Dropbox Can Go To Hell

Dropbox Lied to Users About Data Security, Complaint to FTC Alleges

After being told by people again and again I should use Dropbox, the truth of it finally emerges!

Dropbox, which has more than 25 million users, revised its website claims about its data security April 13, from:

All files stored on Dropbox servers are encrypted (AES256) and are inaccessible without your account password.


All files stored on Dropbox servers are encrypted (AES 256).

All of you who put your trust in that service have been betrayed.

Every Cloud service will betray you the same damn way.



Filed under Stupid

20 responses to “Dropbox Can Go To Hell

  1. As I’ve said before, we need a specially configured orgone cloudbuster take this tech out ;-)

  2. Well, that’ll save me $20 month.

    I was already (after a month of hard [trial] use) getting disenchanted. Anybody who is sharing your folder can MOVE the files OFF your drive. NOW WTF would I do that? Also, anything I delete off DropBox from my mobile disappears from my drive too. I don’t fucking think so. I’ll go back to carbonite.

    • Carbonite does a completely different thing from Dropbox. Carbonite does backups. Dropbox does syncing. If you’re using Dropbox as a Carbonite replacement, then of course you’re going to be disappointed.

      • No, I know. I was going to use them in tandem. I should’ve said, “Back to Carbonite ALONE” and see if I can find some other replacement service to do what I want, which I *think* might be PCAnywhere.

  3. Anybody who’s put a thought into this would realise that the inaccessibility blurb was specifically about employee access as one of Dropbox’s features is being able to log onto the website and access your files from there.

    So, yeah, I think this discussion and ‘scandal’ is a bit dumb, as people are assuming a level of security that was clearly never promised or implied given the service’s feature set.

    And, btw, the files are still inaccessible to general Dropbox employees.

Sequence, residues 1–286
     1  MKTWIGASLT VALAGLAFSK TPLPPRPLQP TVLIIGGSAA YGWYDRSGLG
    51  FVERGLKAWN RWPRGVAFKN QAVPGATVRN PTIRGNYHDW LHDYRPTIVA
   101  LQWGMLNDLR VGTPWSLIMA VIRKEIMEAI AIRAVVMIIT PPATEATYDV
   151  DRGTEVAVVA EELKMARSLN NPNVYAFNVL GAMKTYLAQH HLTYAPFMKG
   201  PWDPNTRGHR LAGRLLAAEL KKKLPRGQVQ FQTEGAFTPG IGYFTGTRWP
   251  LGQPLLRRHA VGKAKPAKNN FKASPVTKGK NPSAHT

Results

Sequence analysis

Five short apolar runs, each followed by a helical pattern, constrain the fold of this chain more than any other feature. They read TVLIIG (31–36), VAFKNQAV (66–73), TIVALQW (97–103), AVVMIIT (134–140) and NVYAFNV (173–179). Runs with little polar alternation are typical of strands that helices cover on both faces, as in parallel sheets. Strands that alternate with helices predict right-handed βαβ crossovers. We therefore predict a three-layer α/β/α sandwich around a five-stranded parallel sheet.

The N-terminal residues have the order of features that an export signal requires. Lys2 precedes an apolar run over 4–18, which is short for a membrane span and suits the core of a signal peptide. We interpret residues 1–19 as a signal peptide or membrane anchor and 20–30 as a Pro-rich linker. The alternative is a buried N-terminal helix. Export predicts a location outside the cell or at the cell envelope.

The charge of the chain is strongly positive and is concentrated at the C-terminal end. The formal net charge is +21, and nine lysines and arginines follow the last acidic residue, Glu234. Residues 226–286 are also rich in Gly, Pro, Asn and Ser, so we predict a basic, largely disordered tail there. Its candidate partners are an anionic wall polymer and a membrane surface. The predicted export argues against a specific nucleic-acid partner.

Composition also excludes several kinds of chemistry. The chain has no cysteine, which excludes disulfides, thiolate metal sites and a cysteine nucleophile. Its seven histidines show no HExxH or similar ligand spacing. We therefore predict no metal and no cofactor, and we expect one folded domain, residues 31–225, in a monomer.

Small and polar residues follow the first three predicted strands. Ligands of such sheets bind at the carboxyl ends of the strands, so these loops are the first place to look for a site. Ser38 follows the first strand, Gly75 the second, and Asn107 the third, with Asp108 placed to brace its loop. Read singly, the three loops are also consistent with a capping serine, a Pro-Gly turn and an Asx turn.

Dropbox’s only real failure is that they don’t document the procedures that employees have to go through to access customer files, not that the files are accessible in the first place.

    If Dropbox functioned like those complaining are expecting it to then it would be bloody useless and awkward.

    I don’t get the Dropbox hate. It does exactly what it says it does. Sync files. Access them anywhere.

  4. savedr

    Except SpiderOak…

  5. Brian

    I’m not sure it’s as sketchy as it sounds. First, it could just be legalese, and encrypted data can be accessed without one’s password, but the data inside may not be. Second, just because they can, doesn’t mean they will. Third, maybe some external weird Patriot-act type legality requires them to have access. And lastly, keeping sensitive data in the cloud is pretty stupid if you don’t encrypt it yourself–if you control its encryption, you control access. With the tools available for pgp/gpg, and with TrueCrypt both being easy and freely available, there’s no real reason not to use them for sensitive stuff if one insists on dropboxing it. Besides, I’m not even sure if the connection is encrypted for the sync anyway?

  6. Just to be clear. I wouldn’t put any of my financial or banking data into Dropbox, but even with Dropbox’s current design (which isn’t particularly secure), it is still more secure and safer than, say, using Windows XP in the first place.

    And it is very probably more secure than Googlemail or Google Docs, for instance, which are just as likely to contain sensitive data.

  7. Ben

    Moriah: it’s not a backup service: it’s a distributed file syncing service. Delete a file in one place, it’s deleted everywhere: that’s how it’s supposed to work.